[Mageia-dev] Mirror layout

andre999 andr55 at laposte.net
Sun Dec 12 06:36:05 CET 2010

Michael scherer a écrit :
> On Sat, Dec 11, 2010 at 08:16:33AM -0500, andre999 wrote:
>>> Not to mention that a ratio of 2 mirrors in the USA out of a total
>>> of 25 seems rather odd, for something that admins do not care.
>> 2 of 25 PLF mirrors in the U.S.
> Technically, 1, since the other is down ( and should be removed from
> the list ).
> So a ratio of 4%.

Unless you are going to analyse what is down for the other distros, you 
should say 2 ± 1, that is 4 to 12%

>> 16 of 133 Mandriva mirrors in the U.S.
> A ratio of 12%.

Again, 16 ± 1, or 11 to 13%
Or essentially the same.

> Same as debian, based 49 mirrors in the US out of 358.
> ( ie 13% ), based on http://www.debian.org/mirror/list


> Ubuntu has 12 out of 62 for isos, ie 16%.
> http://www.ubuntu.com/getubuntu/downloadmirrors

So a distro that includes patent-constrained software has a greater 
proportion in the patent-menaced U.S. ?

> And for packages, that 51 out of 367, ie 13%
> https://launchpad.net/ubuntu/+archivemirrors

Same ballpark as PLF.

> Opensuse has 22 out of  155, aka 14%.
> ( http://mirrors.opensuse.org/ ).


> Fedora has 59 us mirrors out of 259, ie 22%.
> ( http://mirrors.fedoraproject.org/publiclist/ ).
> So basically, between Fedora, with a strict policy, and PLF, the
> difference is 18%.

Or 9%.  Depending on how you want to fudge the figures.
But maybe it is because they (in policy at least) exclude non-free 
software ?
And just how rigorously do they apply a no patent-constrained software 
policy ?

Haven't I heard somewhere that Fedora (and RedHat) are based in the U.S. 
?  So wouldn't it be natural to expect that it would have a higher 
proportion of sites there ?

> And I didn't count other country such as Japan, where patents on software
> are permitted ( http://en.swpat.org/wiki/Japan ), and where the count of PLF
> mirrors vs Fedora mirrors is 0 to 8.

0 ± 1 gives 0 to 12%.  Same ballpark.
Also, recruiting Fedora mirrors could be driven by the commercial 
interests of RedHat.

> More ever, the fact that this is hosted by some private and rather anonymous
> company is also a important point. Ie, no .edu or big telco ever contacted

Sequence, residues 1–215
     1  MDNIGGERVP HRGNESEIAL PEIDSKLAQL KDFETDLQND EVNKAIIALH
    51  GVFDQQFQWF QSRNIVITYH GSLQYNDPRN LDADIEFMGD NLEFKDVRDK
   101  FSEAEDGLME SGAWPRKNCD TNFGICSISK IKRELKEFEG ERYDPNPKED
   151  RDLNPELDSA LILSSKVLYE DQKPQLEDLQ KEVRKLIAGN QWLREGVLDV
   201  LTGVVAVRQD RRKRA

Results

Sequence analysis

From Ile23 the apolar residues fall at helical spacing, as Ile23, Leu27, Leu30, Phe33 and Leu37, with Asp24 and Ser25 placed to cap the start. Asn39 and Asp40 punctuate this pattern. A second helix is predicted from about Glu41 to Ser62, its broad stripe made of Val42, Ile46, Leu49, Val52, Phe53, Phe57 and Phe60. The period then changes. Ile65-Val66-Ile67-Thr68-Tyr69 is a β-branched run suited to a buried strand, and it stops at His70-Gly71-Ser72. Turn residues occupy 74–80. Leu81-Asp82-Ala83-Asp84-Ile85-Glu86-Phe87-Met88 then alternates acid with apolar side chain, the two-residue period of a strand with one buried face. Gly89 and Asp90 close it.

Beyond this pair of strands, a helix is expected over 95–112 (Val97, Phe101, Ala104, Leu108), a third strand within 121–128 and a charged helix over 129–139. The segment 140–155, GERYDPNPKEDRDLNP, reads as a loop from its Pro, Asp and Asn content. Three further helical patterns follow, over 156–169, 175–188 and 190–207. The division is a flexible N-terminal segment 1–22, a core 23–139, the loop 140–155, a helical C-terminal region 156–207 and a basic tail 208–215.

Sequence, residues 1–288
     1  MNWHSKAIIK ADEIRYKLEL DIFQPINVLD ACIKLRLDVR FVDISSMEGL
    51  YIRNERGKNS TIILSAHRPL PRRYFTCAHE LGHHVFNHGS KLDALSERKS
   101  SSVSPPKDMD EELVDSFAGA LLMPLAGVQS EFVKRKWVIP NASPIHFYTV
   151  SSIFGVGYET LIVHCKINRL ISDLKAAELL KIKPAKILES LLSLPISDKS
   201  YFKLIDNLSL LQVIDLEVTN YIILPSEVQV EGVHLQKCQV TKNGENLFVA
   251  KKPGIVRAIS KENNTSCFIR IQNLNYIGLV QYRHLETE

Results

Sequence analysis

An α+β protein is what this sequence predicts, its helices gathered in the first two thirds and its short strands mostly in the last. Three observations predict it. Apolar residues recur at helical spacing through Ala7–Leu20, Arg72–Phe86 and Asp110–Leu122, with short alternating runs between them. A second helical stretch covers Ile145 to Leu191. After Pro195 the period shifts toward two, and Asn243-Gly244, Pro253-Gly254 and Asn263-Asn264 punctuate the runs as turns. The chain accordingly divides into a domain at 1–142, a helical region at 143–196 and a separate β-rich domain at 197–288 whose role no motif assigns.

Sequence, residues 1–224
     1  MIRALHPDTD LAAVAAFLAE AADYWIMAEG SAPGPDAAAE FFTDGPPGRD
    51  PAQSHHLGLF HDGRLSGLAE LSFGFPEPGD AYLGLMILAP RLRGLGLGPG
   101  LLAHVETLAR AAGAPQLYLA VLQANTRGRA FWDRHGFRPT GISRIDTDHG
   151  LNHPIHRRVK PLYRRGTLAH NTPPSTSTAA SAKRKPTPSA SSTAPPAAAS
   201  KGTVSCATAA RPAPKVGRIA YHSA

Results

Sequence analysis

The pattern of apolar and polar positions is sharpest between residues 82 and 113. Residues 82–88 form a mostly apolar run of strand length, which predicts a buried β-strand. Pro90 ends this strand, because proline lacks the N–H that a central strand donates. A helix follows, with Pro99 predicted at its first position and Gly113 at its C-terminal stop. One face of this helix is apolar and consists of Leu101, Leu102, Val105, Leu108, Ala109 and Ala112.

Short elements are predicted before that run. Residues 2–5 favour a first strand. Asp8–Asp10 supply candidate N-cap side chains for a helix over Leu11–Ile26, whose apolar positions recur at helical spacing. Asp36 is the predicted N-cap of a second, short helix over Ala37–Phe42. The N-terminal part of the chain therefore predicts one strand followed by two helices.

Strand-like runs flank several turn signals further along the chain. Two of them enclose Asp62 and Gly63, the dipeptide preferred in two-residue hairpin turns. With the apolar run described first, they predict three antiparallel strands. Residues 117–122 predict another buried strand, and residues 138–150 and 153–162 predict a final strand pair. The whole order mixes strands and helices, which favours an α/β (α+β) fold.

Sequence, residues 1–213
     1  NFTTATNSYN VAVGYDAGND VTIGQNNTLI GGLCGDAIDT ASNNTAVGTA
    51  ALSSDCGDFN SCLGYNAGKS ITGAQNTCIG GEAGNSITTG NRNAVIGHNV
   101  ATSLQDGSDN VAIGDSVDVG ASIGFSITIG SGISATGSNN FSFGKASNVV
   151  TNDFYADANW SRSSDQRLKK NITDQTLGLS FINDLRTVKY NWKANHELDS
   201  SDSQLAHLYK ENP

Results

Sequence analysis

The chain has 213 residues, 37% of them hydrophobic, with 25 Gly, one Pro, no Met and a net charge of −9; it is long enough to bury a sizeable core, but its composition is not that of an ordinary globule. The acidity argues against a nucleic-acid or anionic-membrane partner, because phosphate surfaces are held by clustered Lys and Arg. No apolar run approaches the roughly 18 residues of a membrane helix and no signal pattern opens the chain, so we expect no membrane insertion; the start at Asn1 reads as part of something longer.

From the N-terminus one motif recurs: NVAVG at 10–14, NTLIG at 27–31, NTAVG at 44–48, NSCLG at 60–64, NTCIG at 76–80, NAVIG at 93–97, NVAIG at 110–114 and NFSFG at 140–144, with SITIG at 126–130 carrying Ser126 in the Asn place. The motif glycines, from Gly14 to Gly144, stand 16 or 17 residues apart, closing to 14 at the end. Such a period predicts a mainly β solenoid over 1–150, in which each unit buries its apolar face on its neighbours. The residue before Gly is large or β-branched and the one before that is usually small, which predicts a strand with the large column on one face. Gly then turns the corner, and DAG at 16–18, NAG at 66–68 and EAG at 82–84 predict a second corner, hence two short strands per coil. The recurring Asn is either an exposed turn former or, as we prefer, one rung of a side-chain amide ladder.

> PLF to host a mirror, while in France and another country, PLF have both.

Considering that PLF is based on Mandriva, and Mandriva is based in 
France, wouldn't it be natural to expect PLF to be better represented 
there ?

>> Also, there are only about 400 packages for i586 in PLF mirrors.
>> Since most are duplicated, I wonder how many distinct packages there are ?
>> Somehow doubt that an unlicenced copy of quotes from the Simpsons
>> (one of the 2 plf packages that I didn't find also in Mandriva main)
>> is going to be a big attraction.
> You should look a little bit more closely. For example, libdvdcss2 is plf only.
> So does various emulator, lame ( and related like darkice ), gstreamer-bad,
> etc. There is amule, and similar software. More than 2.

Of the twenty or so PLF packages that I found looking through available 
packages with Mandriva and PLF repositories enabled, only 2 did not also 
have the same version in Mandriva.  (All Mandriva main, in this sample.) 
  That is about 10% not in Mandriva.
So for arguments sake let's say 20% are not in Mandriva.  That makes 
only about 80 packages only in PLF.
Impressive, isn't it ?

BTW, gstreamer*plugins-bad is in Mandriva contrib.

I'm not trying to say that PLF does not serve a useful role, 
particularly for applications which would be better to avoid putting in 
a distro, for legal or other contraints.
Offhand, libdvdcss* seems to be a good example.

Just that I don't think that patent considerations should be - except in 
rare circonstances - a serious enough contraint to consider excluding a 
package from regular repositories.

> I am sure that using a small shell script, the exact number could be found, if
> someone want to invest the time.

Actually I was only talking numbers to indicate that the numbers don't 
prove your point, even if we were to accept that they were a valid means 
of determining the effect of the patent issue on potential mirror sites.
There are too many other factors for these numbers to be meaningful.
For example, large multi-mirror sites may not be very interested in 
mirroring small sites, with a relatively small demand.
And sites at universities could be driven by the interests of a few 
students, who could reasonably be less aware of smaller, more obscure sites.
(Mandriva was dropped from a local canadian university site last year, 
probably because the supporting students moved on.)

And don't forget, we don't need many sites worldwide to serve the small 
number of applications on PLF.

Another 2 cents :)

- André

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